In 1972, Speck’s death sentence was commuted to 50 to 100 years in prison, when the US Supreme Court abolished capital punishment. Having served 19 years of that sentence, he died of a heart attack on 5 December 1991.
Speck was never officially charged with the murders of which he was suspected, prior to the events that took place in the South Chicago townhouse and officially those cases remain unsolved.
In 1996, five years after Speck's death, a television journalist made public a prison video, which showed Speck taking drugs and engaging in sex with another inmate during the 1980s, whilst he was an inmate at Statesville Correctional Institute; Speck appears to have breasts in the video, apparently as a result of hormone treatment received whilst in prison, and is wearing women’s underwear. In the video, Speck also casually admits to the killing of the nurses, describing the strangulations in some detail, and bragging about the strength required to kill someone in this manner.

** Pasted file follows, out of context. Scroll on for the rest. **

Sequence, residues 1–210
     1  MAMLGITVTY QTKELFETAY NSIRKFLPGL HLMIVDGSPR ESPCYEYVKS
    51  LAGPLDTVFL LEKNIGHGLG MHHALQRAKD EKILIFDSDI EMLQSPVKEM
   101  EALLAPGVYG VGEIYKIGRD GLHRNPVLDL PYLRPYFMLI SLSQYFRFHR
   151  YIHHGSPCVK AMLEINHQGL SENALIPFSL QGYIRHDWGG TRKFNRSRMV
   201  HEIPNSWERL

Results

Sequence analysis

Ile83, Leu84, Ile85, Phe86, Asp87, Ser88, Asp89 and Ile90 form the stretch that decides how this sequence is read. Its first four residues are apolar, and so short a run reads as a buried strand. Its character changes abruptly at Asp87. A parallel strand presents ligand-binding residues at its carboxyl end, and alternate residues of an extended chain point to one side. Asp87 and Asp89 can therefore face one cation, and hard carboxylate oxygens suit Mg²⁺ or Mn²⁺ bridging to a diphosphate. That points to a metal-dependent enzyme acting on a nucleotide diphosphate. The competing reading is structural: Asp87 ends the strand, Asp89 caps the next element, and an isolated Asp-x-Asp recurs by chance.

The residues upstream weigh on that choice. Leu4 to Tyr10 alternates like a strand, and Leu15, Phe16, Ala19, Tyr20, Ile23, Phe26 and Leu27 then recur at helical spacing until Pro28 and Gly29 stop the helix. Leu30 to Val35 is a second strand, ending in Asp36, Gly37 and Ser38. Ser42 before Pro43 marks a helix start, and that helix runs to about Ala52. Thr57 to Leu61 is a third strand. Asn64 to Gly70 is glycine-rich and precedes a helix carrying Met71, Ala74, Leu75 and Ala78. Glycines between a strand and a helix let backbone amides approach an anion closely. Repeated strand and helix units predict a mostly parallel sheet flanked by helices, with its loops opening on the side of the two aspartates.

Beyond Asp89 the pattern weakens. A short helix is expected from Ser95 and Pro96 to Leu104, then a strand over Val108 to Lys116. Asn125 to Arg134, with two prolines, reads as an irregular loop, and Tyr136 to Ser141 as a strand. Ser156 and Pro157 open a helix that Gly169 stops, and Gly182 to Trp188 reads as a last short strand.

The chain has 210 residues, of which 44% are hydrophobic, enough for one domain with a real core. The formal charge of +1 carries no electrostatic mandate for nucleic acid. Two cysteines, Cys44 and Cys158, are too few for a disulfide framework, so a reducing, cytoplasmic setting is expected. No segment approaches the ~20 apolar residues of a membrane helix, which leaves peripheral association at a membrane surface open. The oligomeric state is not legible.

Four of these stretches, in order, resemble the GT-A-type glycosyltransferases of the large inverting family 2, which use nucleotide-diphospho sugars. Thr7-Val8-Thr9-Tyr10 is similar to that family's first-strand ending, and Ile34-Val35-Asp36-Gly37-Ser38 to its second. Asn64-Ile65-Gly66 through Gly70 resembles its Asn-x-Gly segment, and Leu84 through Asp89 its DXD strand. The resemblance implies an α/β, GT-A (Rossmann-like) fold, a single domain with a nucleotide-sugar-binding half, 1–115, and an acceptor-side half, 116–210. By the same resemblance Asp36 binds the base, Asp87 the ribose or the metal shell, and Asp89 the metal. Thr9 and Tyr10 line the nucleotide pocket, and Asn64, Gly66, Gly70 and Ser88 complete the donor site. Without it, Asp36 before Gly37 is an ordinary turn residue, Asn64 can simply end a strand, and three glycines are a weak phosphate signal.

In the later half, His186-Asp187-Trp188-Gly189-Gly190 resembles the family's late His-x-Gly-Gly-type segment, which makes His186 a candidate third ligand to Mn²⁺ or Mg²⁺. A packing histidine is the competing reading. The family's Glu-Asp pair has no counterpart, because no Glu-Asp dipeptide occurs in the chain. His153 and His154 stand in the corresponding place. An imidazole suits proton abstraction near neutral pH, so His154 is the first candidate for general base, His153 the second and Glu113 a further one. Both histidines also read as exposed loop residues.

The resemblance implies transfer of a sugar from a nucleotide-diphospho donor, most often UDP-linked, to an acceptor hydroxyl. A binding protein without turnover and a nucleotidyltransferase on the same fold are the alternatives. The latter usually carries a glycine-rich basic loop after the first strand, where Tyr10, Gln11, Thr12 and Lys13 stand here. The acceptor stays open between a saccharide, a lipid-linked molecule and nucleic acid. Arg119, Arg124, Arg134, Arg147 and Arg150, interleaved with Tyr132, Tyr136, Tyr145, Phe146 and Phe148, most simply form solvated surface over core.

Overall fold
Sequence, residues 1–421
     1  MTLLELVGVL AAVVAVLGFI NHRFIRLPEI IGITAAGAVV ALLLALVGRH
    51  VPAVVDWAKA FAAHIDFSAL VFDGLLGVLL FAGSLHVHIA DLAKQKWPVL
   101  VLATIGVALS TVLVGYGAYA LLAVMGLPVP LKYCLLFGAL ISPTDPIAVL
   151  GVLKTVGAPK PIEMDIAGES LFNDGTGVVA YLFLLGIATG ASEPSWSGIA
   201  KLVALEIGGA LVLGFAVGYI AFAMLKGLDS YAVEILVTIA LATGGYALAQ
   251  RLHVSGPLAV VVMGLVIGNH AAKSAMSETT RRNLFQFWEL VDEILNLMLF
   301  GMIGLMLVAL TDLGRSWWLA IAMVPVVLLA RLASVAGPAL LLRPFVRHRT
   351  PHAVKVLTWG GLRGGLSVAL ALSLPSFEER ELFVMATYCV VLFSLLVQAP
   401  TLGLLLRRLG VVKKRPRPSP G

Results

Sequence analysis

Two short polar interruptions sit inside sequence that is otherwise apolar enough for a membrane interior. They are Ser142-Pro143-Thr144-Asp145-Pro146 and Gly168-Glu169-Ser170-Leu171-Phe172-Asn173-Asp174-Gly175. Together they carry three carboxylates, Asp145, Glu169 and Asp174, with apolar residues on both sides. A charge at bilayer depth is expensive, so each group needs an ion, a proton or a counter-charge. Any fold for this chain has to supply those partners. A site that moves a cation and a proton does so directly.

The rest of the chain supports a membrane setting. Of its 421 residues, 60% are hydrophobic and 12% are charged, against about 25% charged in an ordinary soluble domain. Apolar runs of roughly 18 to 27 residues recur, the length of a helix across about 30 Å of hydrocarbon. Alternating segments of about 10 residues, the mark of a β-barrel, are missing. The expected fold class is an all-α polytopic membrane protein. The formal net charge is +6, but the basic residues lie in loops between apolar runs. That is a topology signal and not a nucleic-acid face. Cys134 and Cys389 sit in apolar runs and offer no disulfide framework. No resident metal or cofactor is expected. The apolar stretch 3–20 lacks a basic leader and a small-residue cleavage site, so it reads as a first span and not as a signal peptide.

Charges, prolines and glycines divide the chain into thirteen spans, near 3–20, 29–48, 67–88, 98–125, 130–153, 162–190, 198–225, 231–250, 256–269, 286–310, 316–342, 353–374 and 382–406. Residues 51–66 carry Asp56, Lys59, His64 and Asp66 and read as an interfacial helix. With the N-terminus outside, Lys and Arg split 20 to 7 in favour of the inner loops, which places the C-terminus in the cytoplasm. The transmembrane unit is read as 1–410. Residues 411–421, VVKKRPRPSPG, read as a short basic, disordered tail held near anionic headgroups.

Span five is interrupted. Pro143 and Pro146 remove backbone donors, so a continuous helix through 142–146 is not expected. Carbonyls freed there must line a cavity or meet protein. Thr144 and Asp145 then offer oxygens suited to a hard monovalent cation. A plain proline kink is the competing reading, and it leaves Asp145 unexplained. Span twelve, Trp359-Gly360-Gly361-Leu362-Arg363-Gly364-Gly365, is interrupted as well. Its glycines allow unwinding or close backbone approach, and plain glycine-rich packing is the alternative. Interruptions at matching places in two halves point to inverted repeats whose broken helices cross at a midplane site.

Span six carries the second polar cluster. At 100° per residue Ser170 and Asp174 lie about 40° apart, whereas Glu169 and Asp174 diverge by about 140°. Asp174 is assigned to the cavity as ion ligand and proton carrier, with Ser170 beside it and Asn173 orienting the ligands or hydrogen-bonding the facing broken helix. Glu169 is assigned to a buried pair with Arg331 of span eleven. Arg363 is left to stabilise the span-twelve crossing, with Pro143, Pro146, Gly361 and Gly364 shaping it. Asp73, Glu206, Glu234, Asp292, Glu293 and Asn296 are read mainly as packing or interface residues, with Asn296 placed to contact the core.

The video’s release caused a major scandal within the Illinois Department of Corrections and was widely cited as justification for the reintroduction of death penalty.